Topic: "Promises To Keep" (5)
When Frodo was a lonely graduate student in the City of Orleans, he got to know a number of foreign students. Like Frodo, they didn't have much money, and their loved ones were half-a-world away. Most Americans avoided any relationship with foreign students, simply because there was nothing to be gained. You couldn't understand half of them, and the other half glared at you behind your back, according to Frodo.
Gabriel Bach lived on the same floor as Frodo, and they were students in the same department. By accident, they mutually shared the opinion with each other that the Department Chair didn't have an elevator going all the way up his anatomy. They immediately took a liking to one another. Gabriel had red, curly hair, already receding, and a full beard, also red. He carried about 10 pounds too much on a frame over six feet tall. Frodo would never have guessed him to be French, until he heard him talk.
One Sunday evening, as Frodo carried a loaf of bread, a jar of peanut butter, and a Barq's Root Beer back to the dormitory, he met Gabriel coming out in another direction. Frodo recognized Chito, from the Phillipines, the greasy guy from Manchester, England, and the wild-eyed Chinese Physics guy whose name Frodo never did learn to pronounce. Gabriel explained that it was "Lutheran Night," and they were all going to the Lutheran Student Center for dinner. Subsequently, after many questions, Frodo learned from the foreign students that each of the student activity centers sponsored by religious faith-groups offered a free dinner each week to any student who attended a prayer service that evening. Monday it was the Methodists, Tuesday the Episcopalians, and so on, with the total coverage being six dinners, family-style American food, for free (Saturdays were uncovered, for obvious reasons). All you had to do was pray. Frodo can do a pretty good imitation, he learned.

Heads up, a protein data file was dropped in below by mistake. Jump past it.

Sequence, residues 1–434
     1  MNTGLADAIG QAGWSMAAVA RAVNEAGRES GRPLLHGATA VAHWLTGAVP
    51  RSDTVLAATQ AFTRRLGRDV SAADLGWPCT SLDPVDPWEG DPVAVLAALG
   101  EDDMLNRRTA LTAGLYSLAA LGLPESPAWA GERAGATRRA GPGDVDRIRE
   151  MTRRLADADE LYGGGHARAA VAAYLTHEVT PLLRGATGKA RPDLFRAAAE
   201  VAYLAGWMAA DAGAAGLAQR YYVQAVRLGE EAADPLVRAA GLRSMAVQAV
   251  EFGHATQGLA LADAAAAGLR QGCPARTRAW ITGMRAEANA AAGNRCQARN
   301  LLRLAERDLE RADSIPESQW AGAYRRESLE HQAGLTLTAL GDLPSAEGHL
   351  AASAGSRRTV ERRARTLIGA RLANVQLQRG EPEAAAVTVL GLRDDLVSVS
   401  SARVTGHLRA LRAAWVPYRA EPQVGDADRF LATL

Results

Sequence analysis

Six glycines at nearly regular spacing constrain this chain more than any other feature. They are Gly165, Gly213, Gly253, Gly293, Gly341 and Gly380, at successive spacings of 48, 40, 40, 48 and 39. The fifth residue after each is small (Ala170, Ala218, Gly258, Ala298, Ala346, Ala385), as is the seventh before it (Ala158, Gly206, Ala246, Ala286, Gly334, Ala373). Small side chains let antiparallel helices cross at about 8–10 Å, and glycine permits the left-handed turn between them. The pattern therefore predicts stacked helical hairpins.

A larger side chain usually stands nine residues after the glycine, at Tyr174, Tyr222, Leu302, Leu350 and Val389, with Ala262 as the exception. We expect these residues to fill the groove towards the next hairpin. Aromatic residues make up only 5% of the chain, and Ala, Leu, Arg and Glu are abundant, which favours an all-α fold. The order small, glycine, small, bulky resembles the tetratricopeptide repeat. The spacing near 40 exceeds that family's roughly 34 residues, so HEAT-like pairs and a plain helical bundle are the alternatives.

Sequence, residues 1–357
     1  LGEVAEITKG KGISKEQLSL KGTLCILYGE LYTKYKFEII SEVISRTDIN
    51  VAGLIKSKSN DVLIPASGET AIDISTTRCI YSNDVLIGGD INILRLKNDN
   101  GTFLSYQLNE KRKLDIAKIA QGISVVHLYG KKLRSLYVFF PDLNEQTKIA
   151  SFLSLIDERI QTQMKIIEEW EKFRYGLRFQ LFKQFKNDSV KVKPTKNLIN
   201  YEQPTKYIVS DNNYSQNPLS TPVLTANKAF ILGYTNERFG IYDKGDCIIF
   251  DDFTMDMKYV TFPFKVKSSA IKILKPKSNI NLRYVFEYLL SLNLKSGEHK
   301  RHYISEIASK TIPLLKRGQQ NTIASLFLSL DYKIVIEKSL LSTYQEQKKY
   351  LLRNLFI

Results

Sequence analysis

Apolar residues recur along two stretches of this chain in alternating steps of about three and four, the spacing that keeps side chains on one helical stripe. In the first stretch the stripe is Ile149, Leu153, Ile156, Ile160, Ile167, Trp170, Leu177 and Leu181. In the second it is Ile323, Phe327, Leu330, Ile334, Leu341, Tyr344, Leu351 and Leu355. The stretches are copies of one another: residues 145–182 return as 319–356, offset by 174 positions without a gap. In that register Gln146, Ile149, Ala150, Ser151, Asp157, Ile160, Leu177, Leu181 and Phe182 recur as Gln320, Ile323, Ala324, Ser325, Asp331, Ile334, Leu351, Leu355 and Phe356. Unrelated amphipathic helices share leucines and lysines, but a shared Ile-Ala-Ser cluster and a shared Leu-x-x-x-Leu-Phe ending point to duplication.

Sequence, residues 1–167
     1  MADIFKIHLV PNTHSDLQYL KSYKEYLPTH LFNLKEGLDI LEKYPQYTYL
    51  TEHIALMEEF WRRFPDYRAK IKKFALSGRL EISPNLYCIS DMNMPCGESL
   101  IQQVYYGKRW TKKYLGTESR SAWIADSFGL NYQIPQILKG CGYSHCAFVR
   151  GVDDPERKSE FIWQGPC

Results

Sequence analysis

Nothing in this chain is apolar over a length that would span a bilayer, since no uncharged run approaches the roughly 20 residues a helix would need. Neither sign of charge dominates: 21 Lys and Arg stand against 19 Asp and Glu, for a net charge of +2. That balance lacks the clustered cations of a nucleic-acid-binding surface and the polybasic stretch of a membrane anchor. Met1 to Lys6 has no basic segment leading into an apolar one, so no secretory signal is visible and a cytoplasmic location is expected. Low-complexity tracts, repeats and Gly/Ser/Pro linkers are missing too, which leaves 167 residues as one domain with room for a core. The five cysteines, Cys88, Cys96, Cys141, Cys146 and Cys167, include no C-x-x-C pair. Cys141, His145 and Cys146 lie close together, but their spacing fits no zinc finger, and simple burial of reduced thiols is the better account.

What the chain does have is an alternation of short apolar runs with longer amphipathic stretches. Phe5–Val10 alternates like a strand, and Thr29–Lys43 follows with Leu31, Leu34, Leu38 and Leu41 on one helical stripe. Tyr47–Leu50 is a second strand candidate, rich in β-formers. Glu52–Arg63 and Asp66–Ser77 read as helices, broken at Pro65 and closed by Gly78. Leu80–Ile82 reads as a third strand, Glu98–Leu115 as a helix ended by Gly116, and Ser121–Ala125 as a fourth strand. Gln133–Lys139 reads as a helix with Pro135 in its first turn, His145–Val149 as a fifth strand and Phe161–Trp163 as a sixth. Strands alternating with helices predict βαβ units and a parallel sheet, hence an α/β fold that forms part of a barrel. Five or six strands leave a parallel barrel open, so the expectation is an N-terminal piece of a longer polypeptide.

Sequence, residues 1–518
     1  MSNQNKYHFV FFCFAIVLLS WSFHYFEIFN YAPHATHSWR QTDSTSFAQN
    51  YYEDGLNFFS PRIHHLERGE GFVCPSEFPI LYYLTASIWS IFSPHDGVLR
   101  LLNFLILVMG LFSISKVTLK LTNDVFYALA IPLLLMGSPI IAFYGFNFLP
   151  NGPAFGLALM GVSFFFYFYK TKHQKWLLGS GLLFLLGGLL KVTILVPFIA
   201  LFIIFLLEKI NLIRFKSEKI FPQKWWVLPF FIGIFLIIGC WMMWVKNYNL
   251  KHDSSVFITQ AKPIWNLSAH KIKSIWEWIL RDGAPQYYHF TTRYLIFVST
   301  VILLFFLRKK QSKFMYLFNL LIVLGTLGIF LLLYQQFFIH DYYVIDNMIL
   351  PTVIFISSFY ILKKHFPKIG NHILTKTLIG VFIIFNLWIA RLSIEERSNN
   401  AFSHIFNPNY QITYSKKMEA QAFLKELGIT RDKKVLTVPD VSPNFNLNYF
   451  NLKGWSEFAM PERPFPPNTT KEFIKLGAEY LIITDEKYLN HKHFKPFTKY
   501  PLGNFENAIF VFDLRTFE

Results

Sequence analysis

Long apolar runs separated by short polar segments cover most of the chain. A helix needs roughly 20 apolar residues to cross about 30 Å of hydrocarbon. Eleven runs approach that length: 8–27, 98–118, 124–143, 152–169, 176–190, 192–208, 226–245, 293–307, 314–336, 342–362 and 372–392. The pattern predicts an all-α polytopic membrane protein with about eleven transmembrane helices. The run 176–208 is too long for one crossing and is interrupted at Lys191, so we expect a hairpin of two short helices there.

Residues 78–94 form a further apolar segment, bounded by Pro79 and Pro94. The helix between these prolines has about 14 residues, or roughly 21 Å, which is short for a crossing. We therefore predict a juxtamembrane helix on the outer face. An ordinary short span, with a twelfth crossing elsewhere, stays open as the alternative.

When Mardi Gras came early in March, Frodo carried a bottle of cheap wine with him as he wandered the French Quarter all alone amid the most-festive environment in all of Middle Earth. Frodo missed Sam very much, and he was content to drown his loneliness. While he sat alongside the docks of the river, he heard his French "amie" call to him, as he and what appeared to be one-half of the entire United Nations were running, hand-in-hand, through the crowds, singing songs and celebrating their inebriation while Frodo concealed his. Gabriel grabbed the Hobbit's hand and pulled him along as they all sang something that sounded like "100 Bottles of Beer on the Wall," in a dialect discernible to no one.
It was a sad day for Frodo when he loaded his trunk of books into the taxi that would take him to the airport at year-end. Gabriel was staying in order to attend summer sessions (in the City of Orleans, gasp). The illness of Frodo's father was such that Frodo was pretty sure that his academic career faced an uncertain conclusion a degree before his plan. Frodo knew that Gabriel was a life-long resident of a town called Strasbourg, in France, and he promised his friend that he would someday come calling. That promise seemed to satisfy them both.
Frodo thought of his promise this day. He searched the faces in the crowds of young people in the small town on the French-German border who had come to see the new American President, and to ask him questions. Frodo realized that he was probably looking for a young boy or girl with red hair, and hoping that one of them might ask the President if he knew someone named Frodo. Frodo will keep his promise, but until then, he can perform that imitation prayer hoping that he does not end up like Helene Hanff, arriving too late at Charing Cross Road.